GOLDEN VALLEY Teresa Corley and her three young children saw dust devils playing across Golden Valley on their way home from Kingman on a recent monsoon evening. Small fires from lightning strikes lit the sides of surrounding mountains and the sky was a threatening black.
When they arrived at their residence on West Chino, they hurried inside the motor home they called their temporary home as nearby whirlwinds grew in size and ferocity. When the storm had passed, they ventured back outside to find their permanent residence, which was under construction, was without half of its roof.
"We were in the motor home when the tornado hit. It was like the Wizard of Oz," Corley said. "It was a really terrifying experience. When we came out we saw that the roof of the house was twisted and ruined."
The whirling high winds had flipped the roof up and folded it over onto itself, leaving the back half of the home's interior exposed to the elements.
"I disconnected the electric and gas, and the kids helped me move insulation, appliances and other building materials into the garage so they wouldn't be ruined by the rain," Corley said. "I had just spent about $4,000 to remodel the interior. We recycled a lot of used materials to keep the costs down. We were just getting ready to move in and now we have to start all over."
Corley said she is disabled and had to hire someone to do most of the remodeling work done.
Now, the money is gone and there's little to show for it. Corley had the home insured and is waiting to see how much she will be reimbursed for the damage.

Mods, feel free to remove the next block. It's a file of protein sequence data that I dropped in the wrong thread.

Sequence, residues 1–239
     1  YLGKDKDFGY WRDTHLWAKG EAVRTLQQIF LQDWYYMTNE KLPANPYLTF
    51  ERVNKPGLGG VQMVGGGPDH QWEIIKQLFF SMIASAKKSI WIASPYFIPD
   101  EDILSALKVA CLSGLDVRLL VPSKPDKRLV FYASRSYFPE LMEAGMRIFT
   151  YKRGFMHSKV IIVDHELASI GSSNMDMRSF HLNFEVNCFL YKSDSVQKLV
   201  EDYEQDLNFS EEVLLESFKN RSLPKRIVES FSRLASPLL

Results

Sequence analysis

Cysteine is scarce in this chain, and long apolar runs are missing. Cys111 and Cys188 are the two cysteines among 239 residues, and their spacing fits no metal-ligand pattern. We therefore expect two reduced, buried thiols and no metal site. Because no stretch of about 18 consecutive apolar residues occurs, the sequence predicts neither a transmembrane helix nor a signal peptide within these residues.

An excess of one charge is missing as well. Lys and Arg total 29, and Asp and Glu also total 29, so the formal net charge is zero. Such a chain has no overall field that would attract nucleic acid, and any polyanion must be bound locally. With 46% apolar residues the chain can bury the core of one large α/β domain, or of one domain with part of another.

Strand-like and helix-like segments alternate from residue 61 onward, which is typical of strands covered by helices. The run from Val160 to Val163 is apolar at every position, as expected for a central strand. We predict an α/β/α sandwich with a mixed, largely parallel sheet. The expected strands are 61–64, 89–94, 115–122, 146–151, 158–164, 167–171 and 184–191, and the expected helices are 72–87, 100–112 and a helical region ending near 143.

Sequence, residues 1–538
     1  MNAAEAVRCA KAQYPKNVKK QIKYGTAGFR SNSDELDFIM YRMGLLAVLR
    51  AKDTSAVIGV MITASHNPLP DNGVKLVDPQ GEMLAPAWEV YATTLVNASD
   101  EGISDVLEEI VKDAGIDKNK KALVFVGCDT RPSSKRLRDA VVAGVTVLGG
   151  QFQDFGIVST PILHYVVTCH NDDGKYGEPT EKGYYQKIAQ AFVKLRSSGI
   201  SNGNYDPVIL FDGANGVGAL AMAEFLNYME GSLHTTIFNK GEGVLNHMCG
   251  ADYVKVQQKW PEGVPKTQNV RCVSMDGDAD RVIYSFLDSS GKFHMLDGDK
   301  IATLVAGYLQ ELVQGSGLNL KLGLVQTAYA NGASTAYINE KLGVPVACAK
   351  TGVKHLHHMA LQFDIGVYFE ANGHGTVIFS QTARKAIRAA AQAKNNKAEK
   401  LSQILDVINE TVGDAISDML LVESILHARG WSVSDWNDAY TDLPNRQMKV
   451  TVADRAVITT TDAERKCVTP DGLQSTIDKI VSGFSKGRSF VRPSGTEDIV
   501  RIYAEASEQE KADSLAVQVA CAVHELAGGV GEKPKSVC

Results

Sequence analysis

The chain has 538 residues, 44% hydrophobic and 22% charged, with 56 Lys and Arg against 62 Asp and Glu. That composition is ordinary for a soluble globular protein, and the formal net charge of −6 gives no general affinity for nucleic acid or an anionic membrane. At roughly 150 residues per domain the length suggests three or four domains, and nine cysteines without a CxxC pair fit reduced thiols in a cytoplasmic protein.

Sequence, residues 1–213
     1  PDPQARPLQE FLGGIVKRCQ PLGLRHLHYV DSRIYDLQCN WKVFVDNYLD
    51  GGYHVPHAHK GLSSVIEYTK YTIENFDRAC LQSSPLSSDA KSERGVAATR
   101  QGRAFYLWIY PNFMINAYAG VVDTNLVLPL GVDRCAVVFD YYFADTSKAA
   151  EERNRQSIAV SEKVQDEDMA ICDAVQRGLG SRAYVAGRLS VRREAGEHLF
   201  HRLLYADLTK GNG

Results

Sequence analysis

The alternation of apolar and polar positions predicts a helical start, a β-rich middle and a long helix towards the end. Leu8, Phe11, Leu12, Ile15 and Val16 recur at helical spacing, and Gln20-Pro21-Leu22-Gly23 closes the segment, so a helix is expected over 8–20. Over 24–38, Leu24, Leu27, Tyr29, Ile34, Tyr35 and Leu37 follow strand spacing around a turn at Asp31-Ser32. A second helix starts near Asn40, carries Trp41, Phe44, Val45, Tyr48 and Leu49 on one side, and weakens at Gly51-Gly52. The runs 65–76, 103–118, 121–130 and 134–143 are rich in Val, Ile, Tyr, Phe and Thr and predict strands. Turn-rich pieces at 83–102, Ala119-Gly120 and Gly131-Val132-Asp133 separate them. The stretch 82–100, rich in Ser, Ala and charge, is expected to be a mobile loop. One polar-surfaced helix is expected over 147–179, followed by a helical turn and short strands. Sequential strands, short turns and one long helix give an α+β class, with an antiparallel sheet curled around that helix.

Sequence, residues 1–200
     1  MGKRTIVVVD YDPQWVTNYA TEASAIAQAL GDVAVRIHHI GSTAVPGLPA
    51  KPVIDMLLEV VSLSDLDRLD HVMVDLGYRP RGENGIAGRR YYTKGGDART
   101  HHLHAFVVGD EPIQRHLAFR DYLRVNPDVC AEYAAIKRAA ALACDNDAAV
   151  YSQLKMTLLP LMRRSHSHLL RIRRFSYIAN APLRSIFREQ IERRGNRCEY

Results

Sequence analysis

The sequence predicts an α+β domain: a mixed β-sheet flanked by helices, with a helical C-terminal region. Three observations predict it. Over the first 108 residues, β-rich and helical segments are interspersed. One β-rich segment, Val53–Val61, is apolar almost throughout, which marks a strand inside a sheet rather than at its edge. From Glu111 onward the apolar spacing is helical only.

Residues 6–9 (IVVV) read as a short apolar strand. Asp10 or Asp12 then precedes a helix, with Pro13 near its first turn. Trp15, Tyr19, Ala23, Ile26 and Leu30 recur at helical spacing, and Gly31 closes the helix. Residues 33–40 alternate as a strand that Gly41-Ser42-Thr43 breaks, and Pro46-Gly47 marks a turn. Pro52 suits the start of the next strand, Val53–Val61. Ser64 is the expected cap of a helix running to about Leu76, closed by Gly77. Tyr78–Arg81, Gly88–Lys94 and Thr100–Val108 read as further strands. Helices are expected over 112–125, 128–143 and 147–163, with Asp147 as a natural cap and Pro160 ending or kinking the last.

In the meantime, she and her children, with help from her ex-husband who came from California to lend a hand, are salvaging everything they can from the house in case insurance doesn't cover their losses.
"Our garage is our temporary house," Corley said. "Everything we own is in there.
"The food spoiled in the refrigerator and there's no stove to cook on except the one in the motor home, and it gets so hot when we cook in there. We were supposed to have the house done and return the motor home a couple of months ago, so we already were behind what we thought our schedule would be."
Corley called Western Arizona Consortium of Governments to see what financial assistance might be available, only to be told there is no more funding available until December. She asked to be placed on the WACOG waiting list, as well as the Mohave County Development waiting list.
Representatives there said they already have replaced four homes in Golden Valley, and that elderly residents get priority.
"I have three kids and most people couldn't tell, but I have a learning disability," Corley said. "We really need help and we've called everyone I can think of. So far, nobody will help us. Some members of a church here in Golden Valley came out and looked at everything, but they haven't come back. I think maybe it was because my kids' dad was here and maybe they thought he should be doing everything, but he has a bad back and can't really do much. I just wanted him to be here for security reasons."
Before the storm destroyed her roof, she also had applied for Homestyle Furniture's free living room makeover, valued at $10,000. She's hoping and praying that she and her family are chosen as the winners.
"The application said you had to be a family in need," Corley said. "I'd say we probably qualify as much as anyone."
At the top of the family's list of immediate needs are school clothes and school supplies for Corley's oldest son, who is entering first-grade. The other two, a son and daughter, are ages 2 and 3 and will be in pre-school this fall.
Anyone who would like to donate school clothes or school supplies, or who wants to volunteer time, materials and labor to help the Corley family fix the damage to their home should call Corley at 565-2390.